From 1960 to 1975, Morricone gained international fame for composing music for westerns. His score to 1966's The Good, the Bad and the Ugly is considered one of the most influential soundtracks in history and was inducted into the Grammy Hall of Fame. With an estimated 10 million copies sold, Once Upon a Time in the West is one of the best-selling scores worldwide, he scored seven westerns for Sergio Corbucci, Duccio Tessari's Ringo duology and Sergio Sollima's The Big Gundown and Face to Face. Morricone worked extensively for other film genres with directors such as John Carpenter, Bernardo Bertolucci, Mauro Bolognini, Giuliano Montaldo, Roland Joffé, Roman Polanski and Henri Verneuil, his acclaimed soundtrack for The Mission was certified gold in the United States. The album Yo-Yo Ma Plays Ennio Morricone stayed 105 weeks on the Billboard Top Classical Albums. Morricone's best-known compositions include "The Ecstasy of Gold", "Se Telefonando", "Man with a Harmonica", "Here's to You", the UK No. 2 single "Chi Mai", "Gabriel's Oboe" and "E Più Ti Penso".
He functioned during the period 1966–1980 as a main member of Il Gruppo, one of the first experimental composers collectives. In 1969, he co-founded a prestigious recording studio. From the 1970s, Morricone excelled in Hollywood, composing for prolific American directors such as Don Siegel, Mike Nichols, Brian De Palma, Barry Levinson, Oliver Stone, Warren Beatty, John Carpenter and Quentin Tarantino. In 1977, he composed the official theme for the 1978 FIFA World Cup, he continued to compose music for European productions, such as Marco Polo, La piovra, Fateless, Karol and En mai, fais ce qu'il te plait. Morricone's music has been reused in television series, including The Simpsons and The Sopranos, in many films, including Inglourious Basterds and Django Unchained; as of 2013, Ennio Morricone has sold over 70 million records worldwide. In 1971, he received a "Targa d'Oro" for the worldwide sales of 22 million. In 2007, he received the Academy Honorary Award "for his magnificent and multifaceted contributions to the art of film music."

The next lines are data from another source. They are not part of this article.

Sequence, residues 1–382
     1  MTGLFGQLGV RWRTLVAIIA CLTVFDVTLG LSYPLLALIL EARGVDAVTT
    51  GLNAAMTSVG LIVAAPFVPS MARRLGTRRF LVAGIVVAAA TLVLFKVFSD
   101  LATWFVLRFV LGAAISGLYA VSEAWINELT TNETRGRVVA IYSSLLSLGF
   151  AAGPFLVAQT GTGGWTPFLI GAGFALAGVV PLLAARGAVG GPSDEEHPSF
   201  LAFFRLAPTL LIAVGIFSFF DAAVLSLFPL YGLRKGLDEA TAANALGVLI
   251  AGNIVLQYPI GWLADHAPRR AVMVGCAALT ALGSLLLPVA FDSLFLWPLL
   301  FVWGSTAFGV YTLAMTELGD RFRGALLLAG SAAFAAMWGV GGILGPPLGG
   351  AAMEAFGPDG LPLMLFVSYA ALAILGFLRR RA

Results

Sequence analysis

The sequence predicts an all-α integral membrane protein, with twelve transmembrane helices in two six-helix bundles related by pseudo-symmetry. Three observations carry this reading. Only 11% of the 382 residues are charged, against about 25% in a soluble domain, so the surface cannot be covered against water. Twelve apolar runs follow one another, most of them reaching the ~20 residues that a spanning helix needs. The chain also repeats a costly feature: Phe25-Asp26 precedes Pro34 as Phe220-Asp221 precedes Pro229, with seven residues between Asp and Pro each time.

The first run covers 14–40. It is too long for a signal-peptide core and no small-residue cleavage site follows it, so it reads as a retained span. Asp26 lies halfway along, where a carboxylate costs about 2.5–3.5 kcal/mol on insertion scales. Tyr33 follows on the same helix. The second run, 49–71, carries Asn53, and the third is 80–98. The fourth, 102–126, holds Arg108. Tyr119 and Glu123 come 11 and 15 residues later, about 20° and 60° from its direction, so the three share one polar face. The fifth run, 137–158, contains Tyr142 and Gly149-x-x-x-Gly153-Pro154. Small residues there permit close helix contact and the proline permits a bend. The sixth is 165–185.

He has been nominated for a further six Oscars. In 2016, Morricone received his first Academy Award for his score to Quentin Tarantino's film The Hateful Eight, at the time becoming the oldest person to win a competitive Oscar, his other achievements include three Grammy Awards, three Golden Globes, six BAFTAs, ten David di Donatello, eleven Nastro d'Argento, two European Film Awards, the Golden Lion Honorary Award and the Polar Music Prize in 2010. Morricone was born in the son of Libera Ridolfi and Mario Morricone, a musician, his family came near Frosinone. Morricone, who had four siblings, Aldo and Franca, lived in Trastevere, in the centre of Rome, with his parents. Mario was a trumpet player who worked professionally in different light-music orchestras, while Libera set up a small textile business, his first teacher was his father Mario Morricone, who taught him how to read music and to play several instruments. Compelled to take up the trumpet, he entered the National Academy of St Cecilia, to take trumpet lessons under the guidance of Umberto Semproni.